Telomerase activity is necessary for the stabilization of telomeres, which function to overcome cellular senescence and are linked to unlimited cell proliferation. Activation of telomerase is characteristic of immortalized cell lines and most tumors. The p53 gene has been implicated as a crucial barrier to unlimited cell proliferation, and its absence has been shown to allow direct immortalization of cells by certain oncogenes. The p53 gene may have an additional function of signaling cell growth arrest in response to telomere shortening, which occurs with repeated cellular divisions and ultimately threatens chromosomal stability. This prompted us to consider whether the enzyme telomerase, responsible for adding new telomeres to chromosomal ends, may be affected by the p53 status of normal and malignant cells. We investigated whether a relationship between telomerase and p53 could be demonstrated in a human sarcoma cell line containing a missense p53 mutation and several stable transfectants that express the wild- type p53 gene or a temperature-sensitive mutant of p53. All cell lines had readily detectable telomerase activity regardless of p53 status. In addition, murine fibroblast cell strains established from tissues of p53 +/+ and p53 - /- (p53 knockout) mice expressed telomerase regardless of the p53 status of their tissue of origin. Levels of telomerase subunit mRNA (hEST2) were comparable among cell lines and tissues with different p53 status. These results imply that p53 status is not associated with telomerase activity per se and that activation of telomerase can occur either in cells completely devoid of p53 or in cells that have functional p53.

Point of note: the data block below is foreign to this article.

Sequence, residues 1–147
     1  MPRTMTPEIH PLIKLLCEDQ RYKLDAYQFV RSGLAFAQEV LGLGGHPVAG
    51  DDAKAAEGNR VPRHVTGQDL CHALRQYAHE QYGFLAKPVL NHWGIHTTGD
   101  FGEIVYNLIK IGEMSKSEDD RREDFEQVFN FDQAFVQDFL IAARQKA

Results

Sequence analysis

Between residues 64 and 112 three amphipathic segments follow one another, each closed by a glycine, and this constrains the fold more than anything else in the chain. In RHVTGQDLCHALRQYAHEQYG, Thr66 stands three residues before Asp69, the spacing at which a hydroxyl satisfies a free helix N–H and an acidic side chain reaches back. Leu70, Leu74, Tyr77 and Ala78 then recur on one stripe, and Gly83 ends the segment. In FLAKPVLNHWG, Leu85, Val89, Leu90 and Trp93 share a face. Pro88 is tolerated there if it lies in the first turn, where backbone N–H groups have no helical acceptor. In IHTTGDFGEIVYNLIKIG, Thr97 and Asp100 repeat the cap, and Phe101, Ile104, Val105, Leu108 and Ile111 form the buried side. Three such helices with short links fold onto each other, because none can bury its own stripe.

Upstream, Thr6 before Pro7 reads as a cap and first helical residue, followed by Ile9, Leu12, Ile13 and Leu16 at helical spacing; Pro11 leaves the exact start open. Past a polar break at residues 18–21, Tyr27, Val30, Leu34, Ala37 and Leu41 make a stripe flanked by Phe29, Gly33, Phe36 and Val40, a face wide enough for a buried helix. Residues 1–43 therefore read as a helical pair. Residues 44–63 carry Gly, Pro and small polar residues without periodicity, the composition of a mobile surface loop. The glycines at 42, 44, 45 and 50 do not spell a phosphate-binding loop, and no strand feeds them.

|Original language||English (US)|
|Number of pages||7|
|Journal||Clinical Cancer Research|
|State||Published - Jun 1 1998|
ASJC Scopus subject areas
- Cancer Research